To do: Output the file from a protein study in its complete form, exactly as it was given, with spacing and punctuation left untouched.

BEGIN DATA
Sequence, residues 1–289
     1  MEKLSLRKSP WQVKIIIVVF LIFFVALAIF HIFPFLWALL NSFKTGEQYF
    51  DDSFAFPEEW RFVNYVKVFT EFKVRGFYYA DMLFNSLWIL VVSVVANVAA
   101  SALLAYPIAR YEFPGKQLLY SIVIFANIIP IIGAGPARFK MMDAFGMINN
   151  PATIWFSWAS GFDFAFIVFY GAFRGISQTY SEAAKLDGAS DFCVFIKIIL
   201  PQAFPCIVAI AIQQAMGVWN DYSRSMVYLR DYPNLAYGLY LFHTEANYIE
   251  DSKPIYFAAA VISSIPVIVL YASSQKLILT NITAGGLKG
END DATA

Sequence, residues 1–289
     1  MEKLSLRKSP WQVKIIIVVF LIFFVALAIF HIFPFLWALL NSFKTGEQYF
    51  DDSFAFPEEW RFVNYVKVFT EFKVRGFYYA DMLFNSLWIL VVSVVANVAA
   101  SALLAYPIAR YEFPGKQLLY SIVIFANIIP IIGAGPARFK MMDAFGMINN
   151  PATIWFSWAS GFDFAFIVFY GAFRGISQTY SEAAKLDGAS DFCVFIKIIL
   201  PQAFPCIVAI AIQQAMGVWN DYSRSMVYLR DYPNLAYGLY LFHTEANYIE
   251  DSKPIYFAAA VISSIPVIVL YASSQKLILT NITAGGLKG